Articles, Essays & Sermons

“Journey to Iraq: Of risk and reverence” & “Caitlin Letters”

by Ken Sehested

 

     Context: On 8 February 2003 Rev. Ken Sehested traveled to Iraq for three weeks as a member of the Iraq Peace Team, a project of Voices in the Wilderness, calling for an end to the threat of war by the U.S.
     Prior to going, the Asheville (N.C.) Citizen-Times newspaper published his article, “Journey to Iraq,” as a guest editorial and asked Sehested to write three weekly columns for the newspaper while in Iraq. Printed below is the initial article followed by three columns posted from Baghdad. The latter are titled “Caitlin Letters,” written as open letters to Caitlin Wood, a member of Circle of Mercy Congregation in Asheville. Caitlin was among the more than 200 high school students in Asheville who participated in the 6 March 2003 “Books Not Bombs” nationwide school walk-out in opposition to war on Iraq.
     Sehested previously traveled to Iraq in March 2000 as part of an interfaith delegation of Jews, Christians and Muslims from the U.S. Read more ›

Pastoral Principles for Prophetic People

by Ken Sehested

      Working for peace and justice isn't easy. We live in a world predicated by greed and violence. Swimming against that stream isn't easy. It can be unpopular and lonely. Flannery O'Connor, paraphrasing a verse from John's Gospel, wrote: "You shall know the truth, and the truth will make you odd!"Sometimes we wonder if we're crazy. Sometimes even prophets need pastoral care.

      All of us have known people who have attempted to "win the world" only to have their own spirits wither, their vision blurred. Maybe not with such tragic drama—maybe they've simply stopped speaking out . Something has come undone in their lives. Maybe it's happened to you.

      In the Bible, prophets people arose from the most unlikeliest of places. They were often "ordinary" people, without special training, and often protested, saying they didn't have enough talent for the job. Much like people in our congregations. Read more ›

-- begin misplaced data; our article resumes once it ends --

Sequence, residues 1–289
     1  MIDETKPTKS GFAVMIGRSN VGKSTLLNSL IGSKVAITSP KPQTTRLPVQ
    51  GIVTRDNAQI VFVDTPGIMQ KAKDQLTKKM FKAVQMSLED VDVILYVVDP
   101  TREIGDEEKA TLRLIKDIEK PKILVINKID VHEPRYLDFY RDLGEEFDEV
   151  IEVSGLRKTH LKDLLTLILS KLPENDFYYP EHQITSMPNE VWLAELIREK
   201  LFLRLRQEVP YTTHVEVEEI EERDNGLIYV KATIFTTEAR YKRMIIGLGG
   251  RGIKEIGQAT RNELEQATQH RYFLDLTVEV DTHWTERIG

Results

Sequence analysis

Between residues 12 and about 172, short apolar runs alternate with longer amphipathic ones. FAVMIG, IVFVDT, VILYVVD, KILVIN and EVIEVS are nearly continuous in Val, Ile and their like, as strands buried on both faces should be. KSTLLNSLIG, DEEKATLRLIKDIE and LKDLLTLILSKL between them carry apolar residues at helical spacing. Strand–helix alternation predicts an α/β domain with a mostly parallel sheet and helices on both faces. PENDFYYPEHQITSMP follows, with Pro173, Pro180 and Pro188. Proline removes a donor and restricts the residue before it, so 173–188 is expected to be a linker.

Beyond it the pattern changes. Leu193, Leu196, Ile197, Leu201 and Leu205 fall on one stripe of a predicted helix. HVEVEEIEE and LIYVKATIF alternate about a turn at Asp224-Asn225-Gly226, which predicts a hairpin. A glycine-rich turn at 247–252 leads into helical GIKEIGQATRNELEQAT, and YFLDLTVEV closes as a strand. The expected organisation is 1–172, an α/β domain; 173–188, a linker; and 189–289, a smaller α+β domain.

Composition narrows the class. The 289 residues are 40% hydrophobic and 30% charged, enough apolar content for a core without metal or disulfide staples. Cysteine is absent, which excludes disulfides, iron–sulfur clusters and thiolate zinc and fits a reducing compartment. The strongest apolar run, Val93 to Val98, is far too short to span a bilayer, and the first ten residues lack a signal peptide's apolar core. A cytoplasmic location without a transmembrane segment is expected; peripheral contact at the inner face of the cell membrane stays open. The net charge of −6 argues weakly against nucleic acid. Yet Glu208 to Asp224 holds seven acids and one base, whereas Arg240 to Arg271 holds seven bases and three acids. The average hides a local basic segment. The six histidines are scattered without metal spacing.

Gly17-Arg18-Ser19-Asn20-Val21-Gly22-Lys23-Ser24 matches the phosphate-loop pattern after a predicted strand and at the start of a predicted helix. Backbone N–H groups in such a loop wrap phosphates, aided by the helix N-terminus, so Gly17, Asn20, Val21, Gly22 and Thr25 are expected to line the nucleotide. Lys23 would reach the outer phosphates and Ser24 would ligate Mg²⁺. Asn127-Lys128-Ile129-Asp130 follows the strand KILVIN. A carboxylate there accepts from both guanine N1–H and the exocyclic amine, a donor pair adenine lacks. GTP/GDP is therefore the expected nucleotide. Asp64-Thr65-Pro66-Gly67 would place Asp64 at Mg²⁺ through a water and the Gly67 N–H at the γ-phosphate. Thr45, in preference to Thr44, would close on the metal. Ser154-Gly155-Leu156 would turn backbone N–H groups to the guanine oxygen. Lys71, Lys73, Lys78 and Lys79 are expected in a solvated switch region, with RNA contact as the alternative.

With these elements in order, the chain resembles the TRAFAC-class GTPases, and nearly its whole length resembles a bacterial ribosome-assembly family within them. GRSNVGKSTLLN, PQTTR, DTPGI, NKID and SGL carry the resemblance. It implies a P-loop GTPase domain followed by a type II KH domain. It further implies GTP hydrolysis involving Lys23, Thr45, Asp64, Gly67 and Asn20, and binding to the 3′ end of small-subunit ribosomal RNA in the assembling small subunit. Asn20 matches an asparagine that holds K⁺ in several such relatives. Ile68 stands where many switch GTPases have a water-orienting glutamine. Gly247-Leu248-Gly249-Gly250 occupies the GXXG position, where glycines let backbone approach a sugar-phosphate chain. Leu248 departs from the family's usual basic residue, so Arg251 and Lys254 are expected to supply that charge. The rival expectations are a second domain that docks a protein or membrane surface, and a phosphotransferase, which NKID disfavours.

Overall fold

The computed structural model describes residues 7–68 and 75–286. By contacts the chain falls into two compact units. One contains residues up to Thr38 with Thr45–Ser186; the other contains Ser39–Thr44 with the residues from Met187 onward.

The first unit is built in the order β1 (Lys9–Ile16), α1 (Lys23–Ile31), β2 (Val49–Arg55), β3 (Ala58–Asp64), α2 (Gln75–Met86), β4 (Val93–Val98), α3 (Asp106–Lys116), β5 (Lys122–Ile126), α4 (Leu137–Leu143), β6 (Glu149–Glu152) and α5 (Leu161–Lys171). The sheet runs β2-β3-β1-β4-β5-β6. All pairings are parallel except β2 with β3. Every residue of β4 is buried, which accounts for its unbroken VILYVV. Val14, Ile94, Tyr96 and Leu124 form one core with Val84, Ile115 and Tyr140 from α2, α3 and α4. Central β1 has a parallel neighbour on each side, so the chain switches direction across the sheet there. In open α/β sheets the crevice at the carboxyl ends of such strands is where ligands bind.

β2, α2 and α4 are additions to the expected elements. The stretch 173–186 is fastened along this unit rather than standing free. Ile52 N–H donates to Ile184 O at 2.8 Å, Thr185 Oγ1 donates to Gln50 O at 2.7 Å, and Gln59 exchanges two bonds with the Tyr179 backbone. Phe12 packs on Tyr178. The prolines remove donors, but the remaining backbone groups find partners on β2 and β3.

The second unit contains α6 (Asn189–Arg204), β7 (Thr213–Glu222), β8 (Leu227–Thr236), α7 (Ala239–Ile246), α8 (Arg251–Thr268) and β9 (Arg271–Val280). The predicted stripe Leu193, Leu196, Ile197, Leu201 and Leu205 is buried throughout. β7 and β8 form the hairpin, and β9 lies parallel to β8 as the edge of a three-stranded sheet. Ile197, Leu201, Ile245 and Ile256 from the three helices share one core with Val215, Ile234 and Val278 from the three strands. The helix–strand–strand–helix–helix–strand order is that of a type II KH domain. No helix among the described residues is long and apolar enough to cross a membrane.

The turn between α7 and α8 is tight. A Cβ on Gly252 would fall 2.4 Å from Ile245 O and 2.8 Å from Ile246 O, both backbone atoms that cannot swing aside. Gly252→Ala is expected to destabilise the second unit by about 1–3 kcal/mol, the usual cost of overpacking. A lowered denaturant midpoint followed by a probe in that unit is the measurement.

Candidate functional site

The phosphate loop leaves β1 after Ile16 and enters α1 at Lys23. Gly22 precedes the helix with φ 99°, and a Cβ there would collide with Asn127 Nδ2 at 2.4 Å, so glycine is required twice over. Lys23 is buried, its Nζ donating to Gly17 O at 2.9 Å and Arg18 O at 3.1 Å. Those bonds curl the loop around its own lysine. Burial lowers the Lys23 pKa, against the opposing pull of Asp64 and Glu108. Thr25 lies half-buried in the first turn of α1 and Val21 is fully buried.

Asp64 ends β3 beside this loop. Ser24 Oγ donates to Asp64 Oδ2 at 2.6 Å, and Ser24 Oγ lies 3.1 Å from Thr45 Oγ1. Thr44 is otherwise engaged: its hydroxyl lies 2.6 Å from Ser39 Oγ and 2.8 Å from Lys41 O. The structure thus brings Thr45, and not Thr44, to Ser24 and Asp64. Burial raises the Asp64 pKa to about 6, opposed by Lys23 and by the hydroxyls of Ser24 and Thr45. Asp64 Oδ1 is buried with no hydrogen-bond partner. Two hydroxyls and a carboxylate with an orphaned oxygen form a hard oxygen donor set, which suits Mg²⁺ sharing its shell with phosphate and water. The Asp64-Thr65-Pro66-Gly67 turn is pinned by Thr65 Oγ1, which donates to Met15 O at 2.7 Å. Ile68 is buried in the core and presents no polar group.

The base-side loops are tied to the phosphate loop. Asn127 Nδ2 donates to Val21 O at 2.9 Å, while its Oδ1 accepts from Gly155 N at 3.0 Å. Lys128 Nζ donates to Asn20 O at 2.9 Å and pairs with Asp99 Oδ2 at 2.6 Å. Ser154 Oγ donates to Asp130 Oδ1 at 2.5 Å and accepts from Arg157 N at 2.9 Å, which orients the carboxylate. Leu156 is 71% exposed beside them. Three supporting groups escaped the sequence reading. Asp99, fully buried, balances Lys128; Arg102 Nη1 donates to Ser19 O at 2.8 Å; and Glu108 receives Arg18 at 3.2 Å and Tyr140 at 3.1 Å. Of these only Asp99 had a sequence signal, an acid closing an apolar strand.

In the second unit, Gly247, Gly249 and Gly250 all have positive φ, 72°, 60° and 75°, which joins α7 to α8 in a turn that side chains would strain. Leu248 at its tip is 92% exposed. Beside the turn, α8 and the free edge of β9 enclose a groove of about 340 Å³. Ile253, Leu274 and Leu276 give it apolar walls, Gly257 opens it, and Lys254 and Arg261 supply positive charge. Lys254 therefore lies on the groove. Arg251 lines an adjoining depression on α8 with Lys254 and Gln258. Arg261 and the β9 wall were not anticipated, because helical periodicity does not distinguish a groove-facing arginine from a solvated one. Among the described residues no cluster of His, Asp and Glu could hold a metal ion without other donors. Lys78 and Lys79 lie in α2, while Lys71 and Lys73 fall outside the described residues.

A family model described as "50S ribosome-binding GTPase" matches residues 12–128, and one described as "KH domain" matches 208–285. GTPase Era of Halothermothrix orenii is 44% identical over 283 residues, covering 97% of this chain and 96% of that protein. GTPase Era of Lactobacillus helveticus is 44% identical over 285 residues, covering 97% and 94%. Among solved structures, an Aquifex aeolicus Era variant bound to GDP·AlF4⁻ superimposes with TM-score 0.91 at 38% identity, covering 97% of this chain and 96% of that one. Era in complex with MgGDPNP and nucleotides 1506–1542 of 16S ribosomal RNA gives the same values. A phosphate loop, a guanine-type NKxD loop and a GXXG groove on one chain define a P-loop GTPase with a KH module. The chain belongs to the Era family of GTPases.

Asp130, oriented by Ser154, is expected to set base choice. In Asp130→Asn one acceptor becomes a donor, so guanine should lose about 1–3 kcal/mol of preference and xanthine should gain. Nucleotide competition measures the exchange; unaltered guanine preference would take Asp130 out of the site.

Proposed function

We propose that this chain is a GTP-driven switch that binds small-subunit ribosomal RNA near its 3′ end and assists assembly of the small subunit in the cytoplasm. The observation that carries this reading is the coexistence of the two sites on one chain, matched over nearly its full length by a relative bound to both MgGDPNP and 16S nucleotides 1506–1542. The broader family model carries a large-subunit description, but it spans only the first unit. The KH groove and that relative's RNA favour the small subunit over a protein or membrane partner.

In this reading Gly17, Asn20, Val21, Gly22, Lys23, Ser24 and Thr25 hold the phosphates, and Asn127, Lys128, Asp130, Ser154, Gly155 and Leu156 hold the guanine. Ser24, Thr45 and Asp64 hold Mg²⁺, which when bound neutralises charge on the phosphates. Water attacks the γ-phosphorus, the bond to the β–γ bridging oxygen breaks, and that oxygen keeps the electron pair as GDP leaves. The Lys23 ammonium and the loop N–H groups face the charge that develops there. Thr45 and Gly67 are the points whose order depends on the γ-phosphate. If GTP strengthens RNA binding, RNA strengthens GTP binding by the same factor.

Dean Smith: A remembrance

by Ken Sehested

        I once preached in the Chapel Hill, North Carolina, church were legendary basketball coach Dean Smith was a member. Smith, who died this week, was not expected to be there that morning, since his University of Carolina team had a road game, far away, the night before. Then he and his wife slip in the back about the time I get up to read Scripture. I doubled-down on the text and tried not to make eye contact during the sermon.

        In my youth I played every sport that used a ball, of whatever shape or size, from dirt yard marbles to Boys Club ping pong to Division 1 college football. I loved the college campus recruiting visits, during high school, receiving a bit of “expense” money, prowling the game time sideline with the prospective team and a pre-arranged dance date after the game. Though I always felt bad about the unlucky coed assigned to this high schooler who, to add insult to injury, didn’t dance or drink, for reasons of evangelical piety. Though I’m not an active participant in the muckraking exposure of how major college athletics programs find themselves awash in cash, I applaud that exposure.